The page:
Spotting the Signs of Overwhelm

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CM Learning Blog | Spotting the Signs of Overwhelm

It can be dangerously creeping and build up over time, but it is possible to tune into the signs of overwhelm to more effectively manage it.

We all have stress and stressors – often invisible – creeping into our lives and each one of them takes a toll on our resilience.

Signs of overwhelm can appear in different ways. Whether an exceptionally stressful period at work, traumatic experiences in life or a combination of events. Sometimes, this rapid succession of challenges can trigger us to feel overwhelmed with emotion.

Trigger stacking is a term most associated with dogs, but it totally applies to us humans too. We’ve all been there before, where we experience of string of stressful events. When we’re dealing with just one ‘trigger’, we can shrug it off pretty easily and get on with our lives, but when several stressors ‘stack’ on top of each other, it can lead to signs of overwhelm where we wonder how much more we can take…

…and that was my January – already a miserable enough month as it is – and there was a lot going on. *SPOILER ALERT* what follows may well read as a list of first-world-problems to you, but it’s all relative, right? Those stressors that we all have, they’re unique to us, our surroundings and our situation.

My stressors on the road to overwhelm – in no particular order – included:

  • Let me introduce 10 month old she-devil, butter-wouldn’t-melt puppy Frankie. She looks cute, right? Yes, she’s a bundle of fun and brings lots of love and laughs, but she is also a VERY loud nightmare a fair percentage of the time.
Frankie | CM Learning
  • You’ve seen Maslow’s Hierarchy of Needs? The one with wi-fi attached onto the bottom to reflect how much we need that before any other fulfilment can be achieved in life. Yep, I get that now. It went off just before Christmas and we’ve only recently switched providers, so that led to…
  • …a fun month and a bit of two of us trying to work from home (not to mention managing our Netflix-withdrawal). A serious stressor though, when you consider the amount of virtual coaching sessions and workshops I facilitate on a pretty much daily basis, not to mention the meetings and calls that we’re all clicking on to every day.
  • I’m a huge advocate for personal and professional development, but it can get in the way when we’re all doing our best to juggle the work stuff and have a bit of a life at the same time. I’m nearing the end of the second year of my counselling qualification and the evenings and weekends where I would normally do my best to de-stress from much of this stuff are but a distant memory.

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  • I can’t believe I’m about to write this, but even something so ridiculous as my car stereo not working properly has wound me right up (hey, I warned you about first world problems!). Seriously though, I strongly believe that music can be the most amazing de-stressor so even something as trivial as this has played its part.
  • An unexpected addition has been the utter frustration and despair felt with the state of the country as it is. I keep up to date with the pings on my phone, yet make a point of consciously avoiding the majority of news because I know it can impact my mental state. That said, I have found myself following the daily political shambles much more; enough for it to have contributed to a general sense of hopelessness when I’ve gotten too embroiled.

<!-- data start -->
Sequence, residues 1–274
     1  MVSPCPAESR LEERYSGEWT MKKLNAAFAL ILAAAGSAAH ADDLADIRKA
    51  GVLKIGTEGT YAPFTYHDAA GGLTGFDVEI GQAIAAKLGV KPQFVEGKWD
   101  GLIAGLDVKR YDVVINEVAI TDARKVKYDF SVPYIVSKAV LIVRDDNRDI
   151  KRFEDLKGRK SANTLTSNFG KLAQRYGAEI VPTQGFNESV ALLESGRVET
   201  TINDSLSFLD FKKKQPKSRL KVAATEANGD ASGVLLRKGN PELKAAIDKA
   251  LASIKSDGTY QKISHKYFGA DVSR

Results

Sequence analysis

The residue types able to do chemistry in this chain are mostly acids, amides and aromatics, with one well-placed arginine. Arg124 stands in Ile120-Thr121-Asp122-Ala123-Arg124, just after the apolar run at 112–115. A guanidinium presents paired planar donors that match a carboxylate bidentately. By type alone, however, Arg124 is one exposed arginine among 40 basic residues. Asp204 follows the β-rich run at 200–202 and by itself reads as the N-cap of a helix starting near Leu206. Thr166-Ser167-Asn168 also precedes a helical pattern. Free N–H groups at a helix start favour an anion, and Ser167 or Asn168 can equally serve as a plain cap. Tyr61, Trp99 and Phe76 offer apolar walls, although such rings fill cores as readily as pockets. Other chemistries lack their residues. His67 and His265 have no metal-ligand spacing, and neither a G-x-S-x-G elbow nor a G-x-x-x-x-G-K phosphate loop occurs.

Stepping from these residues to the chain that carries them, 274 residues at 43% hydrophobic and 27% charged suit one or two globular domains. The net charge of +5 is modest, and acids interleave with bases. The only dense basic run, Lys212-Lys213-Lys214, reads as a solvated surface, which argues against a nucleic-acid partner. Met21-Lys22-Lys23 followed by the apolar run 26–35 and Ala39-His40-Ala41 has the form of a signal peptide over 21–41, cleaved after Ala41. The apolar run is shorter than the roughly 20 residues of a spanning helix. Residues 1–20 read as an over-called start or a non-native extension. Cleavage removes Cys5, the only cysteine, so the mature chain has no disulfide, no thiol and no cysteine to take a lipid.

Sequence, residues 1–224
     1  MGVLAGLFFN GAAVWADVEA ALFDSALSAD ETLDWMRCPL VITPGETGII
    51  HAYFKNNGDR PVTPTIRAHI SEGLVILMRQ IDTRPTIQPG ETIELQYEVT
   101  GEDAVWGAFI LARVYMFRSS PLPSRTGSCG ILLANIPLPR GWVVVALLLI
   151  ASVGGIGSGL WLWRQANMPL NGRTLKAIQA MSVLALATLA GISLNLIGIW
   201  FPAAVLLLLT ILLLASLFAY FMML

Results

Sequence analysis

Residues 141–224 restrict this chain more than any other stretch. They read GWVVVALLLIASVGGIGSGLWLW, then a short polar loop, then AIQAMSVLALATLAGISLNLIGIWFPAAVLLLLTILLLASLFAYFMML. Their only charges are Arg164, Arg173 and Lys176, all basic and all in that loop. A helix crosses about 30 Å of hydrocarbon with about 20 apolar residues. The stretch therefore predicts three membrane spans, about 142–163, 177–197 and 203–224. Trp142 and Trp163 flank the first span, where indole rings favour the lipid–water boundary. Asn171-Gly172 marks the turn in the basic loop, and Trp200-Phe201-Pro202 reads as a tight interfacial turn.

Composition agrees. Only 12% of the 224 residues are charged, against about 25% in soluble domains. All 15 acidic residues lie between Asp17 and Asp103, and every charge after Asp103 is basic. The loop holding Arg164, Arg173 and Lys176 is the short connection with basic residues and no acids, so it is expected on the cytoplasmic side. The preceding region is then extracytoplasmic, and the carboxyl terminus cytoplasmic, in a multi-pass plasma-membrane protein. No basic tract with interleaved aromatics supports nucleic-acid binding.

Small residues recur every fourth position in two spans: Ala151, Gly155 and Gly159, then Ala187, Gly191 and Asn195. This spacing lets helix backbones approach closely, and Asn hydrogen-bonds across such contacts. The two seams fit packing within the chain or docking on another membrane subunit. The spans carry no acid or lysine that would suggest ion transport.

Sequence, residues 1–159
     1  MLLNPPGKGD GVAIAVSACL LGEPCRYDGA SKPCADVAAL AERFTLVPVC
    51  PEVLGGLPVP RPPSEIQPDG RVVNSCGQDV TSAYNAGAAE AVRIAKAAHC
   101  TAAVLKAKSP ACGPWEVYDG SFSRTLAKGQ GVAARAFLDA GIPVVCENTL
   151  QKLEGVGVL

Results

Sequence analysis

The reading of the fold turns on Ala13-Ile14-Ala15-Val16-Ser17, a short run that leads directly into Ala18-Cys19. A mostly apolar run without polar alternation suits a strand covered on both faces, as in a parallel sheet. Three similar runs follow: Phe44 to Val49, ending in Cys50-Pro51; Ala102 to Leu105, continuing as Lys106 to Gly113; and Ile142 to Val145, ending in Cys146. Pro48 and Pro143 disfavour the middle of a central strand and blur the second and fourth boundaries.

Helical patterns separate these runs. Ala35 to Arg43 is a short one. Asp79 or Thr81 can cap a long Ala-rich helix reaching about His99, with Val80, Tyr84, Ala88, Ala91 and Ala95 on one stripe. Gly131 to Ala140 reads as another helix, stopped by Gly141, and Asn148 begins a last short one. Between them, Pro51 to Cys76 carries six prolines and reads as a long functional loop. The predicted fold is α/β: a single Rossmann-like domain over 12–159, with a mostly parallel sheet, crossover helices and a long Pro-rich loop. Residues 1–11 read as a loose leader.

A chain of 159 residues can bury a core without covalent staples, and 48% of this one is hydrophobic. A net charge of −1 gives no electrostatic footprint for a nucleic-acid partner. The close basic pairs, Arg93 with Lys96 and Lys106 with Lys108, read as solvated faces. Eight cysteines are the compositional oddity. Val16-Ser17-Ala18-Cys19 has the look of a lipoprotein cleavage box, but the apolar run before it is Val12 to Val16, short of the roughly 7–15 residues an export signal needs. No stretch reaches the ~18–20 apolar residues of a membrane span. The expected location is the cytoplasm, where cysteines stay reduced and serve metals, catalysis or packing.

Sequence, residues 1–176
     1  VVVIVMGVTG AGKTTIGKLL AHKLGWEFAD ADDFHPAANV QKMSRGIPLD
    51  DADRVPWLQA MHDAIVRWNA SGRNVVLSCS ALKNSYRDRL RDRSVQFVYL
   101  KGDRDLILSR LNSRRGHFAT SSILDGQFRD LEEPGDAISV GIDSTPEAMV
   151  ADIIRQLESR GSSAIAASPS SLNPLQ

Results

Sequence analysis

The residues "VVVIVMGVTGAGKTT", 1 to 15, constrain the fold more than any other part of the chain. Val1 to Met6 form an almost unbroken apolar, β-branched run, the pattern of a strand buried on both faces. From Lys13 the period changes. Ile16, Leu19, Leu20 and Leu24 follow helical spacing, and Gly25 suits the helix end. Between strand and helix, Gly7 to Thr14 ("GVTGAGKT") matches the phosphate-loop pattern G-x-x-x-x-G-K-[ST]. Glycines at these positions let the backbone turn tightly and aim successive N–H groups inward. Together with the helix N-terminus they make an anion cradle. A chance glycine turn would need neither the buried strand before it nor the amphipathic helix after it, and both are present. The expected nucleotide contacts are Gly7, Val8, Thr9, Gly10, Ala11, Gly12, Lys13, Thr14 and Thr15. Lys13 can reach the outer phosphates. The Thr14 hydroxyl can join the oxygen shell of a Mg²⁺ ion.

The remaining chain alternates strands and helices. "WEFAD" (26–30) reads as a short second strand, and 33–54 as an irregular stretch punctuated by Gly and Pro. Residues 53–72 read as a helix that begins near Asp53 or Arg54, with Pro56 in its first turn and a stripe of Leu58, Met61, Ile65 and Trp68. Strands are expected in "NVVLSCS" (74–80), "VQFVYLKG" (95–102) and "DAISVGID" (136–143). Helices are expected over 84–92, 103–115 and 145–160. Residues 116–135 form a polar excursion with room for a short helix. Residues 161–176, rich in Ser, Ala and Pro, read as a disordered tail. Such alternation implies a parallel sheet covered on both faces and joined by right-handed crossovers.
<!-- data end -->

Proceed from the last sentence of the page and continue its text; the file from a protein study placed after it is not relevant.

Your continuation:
• Last but by no means least, Beloved Other Half finally succumbed to the C-word after two years of us successfully dodging it. A terrible patient at the best of times, this time he had a cast iron excuse to leave everything up to me (which I was happy to do and amassed many brownie credits that will absolutely be invoiced for when the time is right).
Overwhelm quote | CM Learning

There were other bits and pieces as there always are for each of us, but you get the idea!

The best thing about doing what I do is that I truly practice what I preach and if I say so myself, I’ve developed an innate ability to tune into these signs of overwhelm.

The signs and symptoms are different for each of us of course. To give you a flavour of my signs of overwhelm, my auto-pilot takes over and I go into head-down mode just to try and get through. This leads me – an already hugely introverted and reflective person – to isolate myself, my thoughts and my feelings from others. My sleep becomes disrupted, both in finding it difficult to obtain and at other times sleeping much more than I usually would. I get weirdly irritated by the smallest things and take it out – often on Beloved Other Half – then feel bad about myself almost immediately. Whilst my exercise routine tends to stay pretty consistent, it more becomes a case of going through the motions with no real motivation or intent behind it.

For me, the first step to managing is to get good at consciously switching to manual to identify the signs of overwhelm. From there, we can tune into an acceptance of the anxious feelings – rather than what we tend to do in auto-pilot mode, which is to suppress – this in turn helps to give us permission to feel the feelings and claim back some empowerment and perspective.

How about you, what are your signs of overwhelm?

If you’re looking for more support for you and your overwhelm, do stop by the main blog page, where I’m confident you will find more than a few other posts that might be able to help.

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